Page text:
/ Sweet


Erre4m's friends, welcome to this new post. Today we are going to talk about a very used preparation in pastry...whipped cream.

27 May 2021

Whipped cream is liquid cream to which air has been added to make a stable, foamy mixture. But are we sure that we know perfectly what is needed to obtain this foamy and stable mixture? Let's see it together.

The assembly of the cream, although it may seem simple and even trivial, can sometimes present significant difficulties in the incorporation of air and serious problems of consistency and stability if not done correctly and with knowledge of the facts. The "behaviour" of the cream depends on quite a few conditions, some of which derive directly from the technical ability of the operator.

To begin with, let's say that the incorporation of air can be achieved with various systems:

  1. By beating with hand whips or planetary machines;
  2. Injecting air or pressurized gas into the cream;
  3. Forcibly blowing air into the cream by means of pumps;
  4. Blowing free air into the cream by means of pumps.

The first system is the most common and that we all use at home, but also the most "risky" to perform. With this system, in fact, we decide the amount of air to be inserted into the cream instead of entrusting it to a cream whipping machine calibrated for this purpose.

To obtain a well whipped, consistent and stable cream is necessary that the cream is very cold, 1-4 ° C, that the assembly does not have too long and that the action of the whips is not too fast, and finally that the work environment is not too hot. If these basic rules are respected it is possible to obtain an optimal product free from destabilizing effects such as, for example, the formation of fat globules (buttering), syneresis (loss of water by the whipped cream), the collapse of the foam.

In order to fully understand what happens to the cream during the whipping process, it is interesting to focus on a few intrinsic aspects of the operation.

Cream is composed of 60% water, 35% fat, 2.4% protein, 2.3% sugar and 0.3% minerals and vitamins.

The two structural elements of milk are proteins and fats contained in it, and the final qualities of any by-product obtained from it depend on the interactions between these two fundamental elements. When skimmed milk is beaten, a full-bodied foam is formed on the surface of the milk itself; whereas if the same operation is carried out on cream, no foam is formed on its surface but it is possible to notice how air, even if slowly, is incorporated into the liquid. This process takes place partly due to the higher viscosity of the cream compared to skimmed milk, but also thanks to the higher quantity of fat that is dispersed in the cream in the form of small globules. These fat globules are already enveloped in a thin protein membrane at milking, which separates them from the aqueous phase and protects them from clumping.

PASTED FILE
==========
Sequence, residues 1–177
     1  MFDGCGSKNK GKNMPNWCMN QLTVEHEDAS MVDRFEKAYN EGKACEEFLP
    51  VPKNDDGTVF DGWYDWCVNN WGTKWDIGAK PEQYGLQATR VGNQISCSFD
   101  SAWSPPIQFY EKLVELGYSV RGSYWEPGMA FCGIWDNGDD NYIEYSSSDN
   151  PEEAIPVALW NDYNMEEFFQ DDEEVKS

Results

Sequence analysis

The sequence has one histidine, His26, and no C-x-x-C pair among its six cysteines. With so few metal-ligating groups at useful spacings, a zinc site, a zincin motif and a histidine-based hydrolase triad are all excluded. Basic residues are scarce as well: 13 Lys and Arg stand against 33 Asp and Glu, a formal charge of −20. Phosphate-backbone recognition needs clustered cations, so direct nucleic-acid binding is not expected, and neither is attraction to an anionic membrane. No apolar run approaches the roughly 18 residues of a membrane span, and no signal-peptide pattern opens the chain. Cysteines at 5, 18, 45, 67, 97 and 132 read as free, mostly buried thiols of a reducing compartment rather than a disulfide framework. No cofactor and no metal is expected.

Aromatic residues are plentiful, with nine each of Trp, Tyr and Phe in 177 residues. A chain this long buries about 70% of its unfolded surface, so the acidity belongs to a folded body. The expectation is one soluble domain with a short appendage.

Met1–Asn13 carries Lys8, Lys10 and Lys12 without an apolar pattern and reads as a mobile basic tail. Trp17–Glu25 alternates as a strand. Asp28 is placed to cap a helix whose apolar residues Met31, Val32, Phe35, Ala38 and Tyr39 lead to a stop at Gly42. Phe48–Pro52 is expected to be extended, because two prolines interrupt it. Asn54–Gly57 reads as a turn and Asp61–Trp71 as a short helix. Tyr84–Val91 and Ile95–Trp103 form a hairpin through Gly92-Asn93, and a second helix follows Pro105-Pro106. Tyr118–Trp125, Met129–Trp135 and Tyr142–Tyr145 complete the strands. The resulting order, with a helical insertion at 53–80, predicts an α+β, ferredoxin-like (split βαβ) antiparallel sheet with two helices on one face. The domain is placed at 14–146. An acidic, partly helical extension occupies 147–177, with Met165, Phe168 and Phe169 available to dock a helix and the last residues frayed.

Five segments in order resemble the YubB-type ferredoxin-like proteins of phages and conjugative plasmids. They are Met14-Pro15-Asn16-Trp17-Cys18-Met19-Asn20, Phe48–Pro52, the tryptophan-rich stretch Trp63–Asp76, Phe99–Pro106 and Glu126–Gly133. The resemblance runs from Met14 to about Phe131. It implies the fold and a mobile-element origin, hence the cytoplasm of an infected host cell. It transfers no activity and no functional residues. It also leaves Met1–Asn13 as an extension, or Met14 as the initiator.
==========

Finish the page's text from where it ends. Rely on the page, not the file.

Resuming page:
After mechanical beating, these small fat globules find themselves embedded in a mass of water and air and tend to bind to air bubbles thanks to the protein membrane that catalyses them.

At the beginning of the whipping process, the incorporation of air is irregular and very coarse; whereas, as the process continues, the air bubbles become smaller, increase in number and form a complex in which the "gaseous" part is predominant.

The tiny balls of fat in turn form a consistent mass on the surface of the air bubbles trapped in the cream, giving them a certain rigidity that is reflected in the consistency of the whipped product.

The "network" of fat globules not only fixes itself on the air bubbles, making them stable inside the cream, but also creates a sort of bridge that stops and stabilizes the watery phase of the cream itself.

As the cream is whipped, we generally obtain a more and more compact foam with an increasingly coarse structure. Proceeding further, however, you will notice its loss of luster gradually changing into a yellowish color due to the agglomeration of fat globules that come off the air bubbles.